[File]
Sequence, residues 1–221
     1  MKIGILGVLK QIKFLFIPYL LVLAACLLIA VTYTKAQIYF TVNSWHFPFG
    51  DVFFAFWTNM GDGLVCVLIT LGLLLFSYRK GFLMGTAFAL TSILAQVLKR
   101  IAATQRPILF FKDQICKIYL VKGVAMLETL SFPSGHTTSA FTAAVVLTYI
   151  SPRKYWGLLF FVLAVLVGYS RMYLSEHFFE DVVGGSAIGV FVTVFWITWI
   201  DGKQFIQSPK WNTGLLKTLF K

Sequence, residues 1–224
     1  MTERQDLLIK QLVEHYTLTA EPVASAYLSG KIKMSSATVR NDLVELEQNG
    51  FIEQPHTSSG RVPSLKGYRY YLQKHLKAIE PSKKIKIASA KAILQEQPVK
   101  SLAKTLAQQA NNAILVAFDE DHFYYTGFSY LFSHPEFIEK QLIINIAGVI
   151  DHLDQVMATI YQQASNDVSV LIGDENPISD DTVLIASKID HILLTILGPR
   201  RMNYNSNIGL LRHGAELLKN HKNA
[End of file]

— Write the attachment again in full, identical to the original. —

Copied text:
Sequence, residues 1–221
     1  MKIGILGVLK QIKFLFIPYL LVLAACLLIA VTYTKAQIYF TVNSWHFPFG
    51  DVFFAFWTNM GDGLVCVLIT LGLLLFSYRK GFLMGTAFAL TSILAQVLKR
   101  IAATQRPILF FKDQICKIYL VKGVAMLETL SFPSGHTTSA FTAAVVLTYI
   151  SPRKYWGLLF FVLAVLVGYS RMYLSEHFFE DVVGGSAIGV FVTVFWITWI
   201  DGKQFIQSPK WNTGLLKTLF K

Sequence, residues 1–224
     1  MTERQDLLIK QLVEHYTLTA EPVASAYLSG KIKMSSATVR NDLVELEQNG
    51  FIEQPHTSSG RVPSLKGYRY YLQKHLKAIE PSKKIKIASA KAILQEQPVK
   101  SLAKTLAQQA NNAILVAFDE DHFYYTGFSY LFSHPEFIEK QLIINIAGVI
   151  DHLDQVMATI YQQASNDVSV LIGDENPISD DTVLIASKID HILLTILGPR
   201  RMNYNSNIGL LRHGAELLKN HKNA